When to remove flowers?
Remove the flowers when they start looking bad. Cut the flowers off at the base of the stems. I just place the trimmed flowers on the ground below the plants as a mulch.
You can adjust their color by changing pH. It is hard to predict accurately how long the color change will take but work on a few weeks to a month.
Hydrangeas are often very hardy and can withstand most climates. They grow best in full sun with moist soil. Hydrangeas will flower continuously throughout the season, even during the heat of summer. If you want a different color, look for new varieties or change the soil pH.
Read more about Is Growing Two Plants Together Possible?
Frequently Asked Questions
How can I make my hydrangeas blue faster?
Adjust your soil pH with a soil acidifer. This helps bring out the blue colors. Ideally you need a soil pH of 5.5 or lower.
Can you change the color of a hydrangea?
Yes. If you increase the soil pH you will shift into pinks and reds, and if you drop the soil pH you bring out blue colors.
How long does it take to turn flowers blue?
This will depend on the type of hydrangea you are growing. It takes a few weeks after the addition of soil pH amendments to see the color change.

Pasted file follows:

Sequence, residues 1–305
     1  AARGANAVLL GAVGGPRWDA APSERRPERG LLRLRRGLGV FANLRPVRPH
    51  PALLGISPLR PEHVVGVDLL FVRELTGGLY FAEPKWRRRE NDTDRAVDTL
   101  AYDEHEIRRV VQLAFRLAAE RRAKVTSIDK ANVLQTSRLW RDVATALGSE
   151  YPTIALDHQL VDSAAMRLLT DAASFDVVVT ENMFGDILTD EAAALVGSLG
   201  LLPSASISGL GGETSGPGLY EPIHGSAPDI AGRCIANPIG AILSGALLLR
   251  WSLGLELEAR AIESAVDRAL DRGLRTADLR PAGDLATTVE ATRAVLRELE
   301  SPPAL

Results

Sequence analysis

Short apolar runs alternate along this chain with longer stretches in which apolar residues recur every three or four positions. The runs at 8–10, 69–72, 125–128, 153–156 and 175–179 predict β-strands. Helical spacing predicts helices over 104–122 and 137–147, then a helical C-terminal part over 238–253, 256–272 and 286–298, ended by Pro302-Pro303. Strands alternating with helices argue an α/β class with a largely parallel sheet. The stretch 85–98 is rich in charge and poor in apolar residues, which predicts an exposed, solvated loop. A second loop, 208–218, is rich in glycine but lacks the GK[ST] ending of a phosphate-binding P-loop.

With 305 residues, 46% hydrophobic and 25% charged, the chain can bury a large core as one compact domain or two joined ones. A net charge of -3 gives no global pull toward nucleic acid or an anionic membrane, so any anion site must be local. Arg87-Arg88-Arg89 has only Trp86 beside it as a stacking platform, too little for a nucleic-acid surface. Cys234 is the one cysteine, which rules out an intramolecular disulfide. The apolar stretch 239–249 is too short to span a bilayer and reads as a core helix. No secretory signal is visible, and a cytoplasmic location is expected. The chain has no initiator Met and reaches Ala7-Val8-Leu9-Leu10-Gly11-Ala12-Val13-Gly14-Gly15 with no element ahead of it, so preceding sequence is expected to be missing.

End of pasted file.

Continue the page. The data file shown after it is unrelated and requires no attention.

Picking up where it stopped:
How do I get my hydrangeas to turn purple?
If your soil pH is bewteen 5.5 and 6.5 you can expect purple tinges to your flowers.
Caroline is a gardener who loves to get down to the nitty–gritty of gardening. She proudly proclaims herself as a ‘dirt worshipper‘ and can often be found deep in the garden, covered in soil and singing to her plants. As a self–proclaimed ‘plant whisperer‘, Caroline believes that plants need love and attention just like any other living thing, and she loves to give them both. When she‘s not tending to her garden, you can often find her researching the latest gardening trends, or teaching others how to make their gardens thrive